• Slang/jargon might be hard to follow (80% of responses mentioned this)
  • Accents might be hard to understand (70% of responses mentioned this)
  • We have different educational values (styles of argument, analysis, etc)
  • We have different general values (role of the media, style of government, etc)
  • Our knowledge of each other is based on stereotypes
  • We might have very different opinions about war in the Middle East
  • Australians speak too quickly
  • Students who don’t speak English as their first language might be disadvantaged
  • Americans have enough national media that they might not be aware of major events in smaller nations like Australia
  • We’re strangers trying to get to know each other in a limited time in a limited (online) space

It will be interesting to see how accurate our predictions are. We’re guessing some will be ‘spot-on’ (a nice Australianism) and some will be off track (Stanford students love their ‘track and field’, but ‘off track’ is probably not a Stanfordism).

While we’re answering the questions on your blog, here’s some questions we have for you:

What sort of high school did you go to? Do many of your high school friends go to Stanford?

What’s the strangest thing you’ve ever heard about Australia or Australians?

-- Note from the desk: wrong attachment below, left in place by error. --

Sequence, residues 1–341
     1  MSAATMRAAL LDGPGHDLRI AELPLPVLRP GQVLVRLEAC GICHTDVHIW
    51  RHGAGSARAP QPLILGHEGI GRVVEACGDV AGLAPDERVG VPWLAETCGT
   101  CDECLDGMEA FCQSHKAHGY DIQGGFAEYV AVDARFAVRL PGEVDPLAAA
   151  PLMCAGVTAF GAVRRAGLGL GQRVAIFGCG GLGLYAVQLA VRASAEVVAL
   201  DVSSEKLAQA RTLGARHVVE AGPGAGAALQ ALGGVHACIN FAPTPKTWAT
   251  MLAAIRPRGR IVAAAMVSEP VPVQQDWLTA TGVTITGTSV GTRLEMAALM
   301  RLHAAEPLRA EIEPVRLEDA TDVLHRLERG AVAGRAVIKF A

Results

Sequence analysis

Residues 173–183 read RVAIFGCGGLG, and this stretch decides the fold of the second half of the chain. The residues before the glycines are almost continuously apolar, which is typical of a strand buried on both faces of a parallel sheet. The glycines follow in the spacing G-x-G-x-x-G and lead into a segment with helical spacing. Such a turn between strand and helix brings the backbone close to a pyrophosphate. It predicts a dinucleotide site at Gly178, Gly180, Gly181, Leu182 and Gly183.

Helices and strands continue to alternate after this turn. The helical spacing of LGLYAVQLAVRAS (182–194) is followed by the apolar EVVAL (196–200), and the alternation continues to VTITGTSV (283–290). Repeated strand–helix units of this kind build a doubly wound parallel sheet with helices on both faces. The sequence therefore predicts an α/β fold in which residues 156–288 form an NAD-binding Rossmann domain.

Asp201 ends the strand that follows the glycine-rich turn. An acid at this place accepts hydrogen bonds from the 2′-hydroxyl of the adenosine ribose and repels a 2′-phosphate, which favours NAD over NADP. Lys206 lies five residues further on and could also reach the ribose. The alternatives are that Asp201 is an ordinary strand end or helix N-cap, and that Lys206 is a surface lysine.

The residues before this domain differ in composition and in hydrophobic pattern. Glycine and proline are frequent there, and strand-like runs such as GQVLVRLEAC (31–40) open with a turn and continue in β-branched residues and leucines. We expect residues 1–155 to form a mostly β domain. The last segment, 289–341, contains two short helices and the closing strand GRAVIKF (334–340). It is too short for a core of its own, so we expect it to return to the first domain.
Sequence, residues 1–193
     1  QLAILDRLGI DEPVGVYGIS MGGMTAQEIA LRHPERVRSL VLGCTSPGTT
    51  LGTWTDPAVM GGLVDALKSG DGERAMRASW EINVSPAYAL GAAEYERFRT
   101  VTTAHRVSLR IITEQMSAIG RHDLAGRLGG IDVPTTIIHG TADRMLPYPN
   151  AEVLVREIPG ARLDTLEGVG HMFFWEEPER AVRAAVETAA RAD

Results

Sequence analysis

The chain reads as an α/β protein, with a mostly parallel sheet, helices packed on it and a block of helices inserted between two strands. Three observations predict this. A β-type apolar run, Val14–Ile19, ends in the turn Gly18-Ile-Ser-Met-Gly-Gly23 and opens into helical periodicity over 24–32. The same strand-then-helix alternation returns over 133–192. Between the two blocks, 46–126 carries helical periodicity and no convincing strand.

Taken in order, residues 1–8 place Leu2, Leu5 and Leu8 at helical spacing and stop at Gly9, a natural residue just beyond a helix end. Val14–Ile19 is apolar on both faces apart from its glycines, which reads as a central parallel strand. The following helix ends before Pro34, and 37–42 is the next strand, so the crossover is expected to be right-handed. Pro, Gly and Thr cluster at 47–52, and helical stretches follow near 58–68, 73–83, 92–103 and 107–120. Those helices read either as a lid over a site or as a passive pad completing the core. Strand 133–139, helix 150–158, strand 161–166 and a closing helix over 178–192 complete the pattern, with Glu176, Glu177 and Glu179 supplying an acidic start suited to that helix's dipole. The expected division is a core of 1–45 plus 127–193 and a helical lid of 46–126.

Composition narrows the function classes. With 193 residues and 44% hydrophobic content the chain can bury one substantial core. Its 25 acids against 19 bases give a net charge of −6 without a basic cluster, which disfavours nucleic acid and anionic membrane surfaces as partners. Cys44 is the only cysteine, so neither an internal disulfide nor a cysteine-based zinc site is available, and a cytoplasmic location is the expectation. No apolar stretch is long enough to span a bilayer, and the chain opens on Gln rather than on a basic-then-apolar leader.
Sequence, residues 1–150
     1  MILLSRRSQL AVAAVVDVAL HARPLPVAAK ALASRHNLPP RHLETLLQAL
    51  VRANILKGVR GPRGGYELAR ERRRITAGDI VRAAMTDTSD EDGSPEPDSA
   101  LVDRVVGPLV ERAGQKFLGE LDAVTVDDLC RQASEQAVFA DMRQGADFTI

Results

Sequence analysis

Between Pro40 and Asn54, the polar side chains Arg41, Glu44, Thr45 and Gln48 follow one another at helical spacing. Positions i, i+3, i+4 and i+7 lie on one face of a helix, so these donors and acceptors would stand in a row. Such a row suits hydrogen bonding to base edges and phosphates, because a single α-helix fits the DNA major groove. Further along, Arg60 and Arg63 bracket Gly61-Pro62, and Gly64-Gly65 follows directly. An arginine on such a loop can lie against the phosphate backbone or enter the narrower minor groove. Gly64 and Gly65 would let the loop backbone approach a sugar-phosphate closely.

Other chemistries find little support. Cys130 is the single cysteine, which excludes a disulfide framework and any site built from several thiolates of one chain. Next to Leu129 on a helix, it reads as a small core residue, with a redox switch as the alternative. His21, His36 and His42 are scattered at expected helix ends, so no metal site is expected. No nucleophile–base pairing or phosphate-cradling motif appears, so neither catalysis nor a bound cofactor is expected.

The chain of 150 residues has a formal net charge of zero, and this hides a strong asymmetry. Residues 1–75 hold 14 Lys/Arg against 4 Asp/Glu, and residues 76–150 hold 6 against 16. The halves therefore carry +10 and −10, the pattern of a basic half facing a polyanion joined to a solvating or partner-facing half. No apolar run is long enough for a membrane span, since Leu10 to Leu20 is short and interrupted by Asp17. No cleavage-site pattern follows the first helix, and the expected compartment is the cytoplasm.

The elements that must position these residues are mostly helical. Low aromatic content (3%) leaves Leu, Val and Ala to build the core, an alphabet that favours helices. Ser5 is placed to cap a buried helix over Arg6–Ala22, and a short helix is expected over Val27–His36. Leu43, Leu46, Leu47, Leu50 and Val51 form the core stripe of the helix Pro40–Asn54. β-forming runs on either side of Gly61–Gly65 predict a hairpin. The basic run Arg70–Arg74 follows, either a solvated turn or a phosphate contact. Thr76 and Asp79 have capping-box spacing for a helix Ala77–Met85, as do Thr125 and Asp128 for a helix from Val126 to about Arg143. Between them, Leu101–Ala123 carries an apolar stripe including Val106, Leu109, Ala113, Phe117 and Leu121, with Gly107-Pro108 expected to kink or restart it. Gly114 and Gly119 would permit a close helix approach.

Do you guys really go on ‘spring break’ or to ‘frat parties’ (these are just movie scenes to us)? If so, what happens there?

What’s it like living on campus? How do you get your study done? Do you ever go out in the nearest city?

Thanks for reading. We’ll see you online soon.

This entry was posted in CCR Exchange: Stanford-Sydney, Uncategorized. Bookmark the permalink.

4 Responses to University of Sydney Australia – an introduction for Stanford students

  1. Arielle says:

    I went to a small public school in Los Angeles that was known for being really good at everything, which meant that there was a lot of pressure on us as students, athletes, and performers. However it also allowed for us to have a lot of opportunities, and I’m thankful for my time there. 11 other students from my high school came to Stanford with me, including my twin brother.
    The strangest thing I’ve ever heard about Australians is that you eat koala burgers, however I doubt the truthfulness of this.
    Frat parties aren’t exactly my idea of a good time, but they certainly happen a lot. It’s basically a lot of people in a small space who are all at least slightly inebriated dancing to really loud music. It’s fun if you aren’t completely aware of what’s going on, and it’s definitely instrumental as a social scene.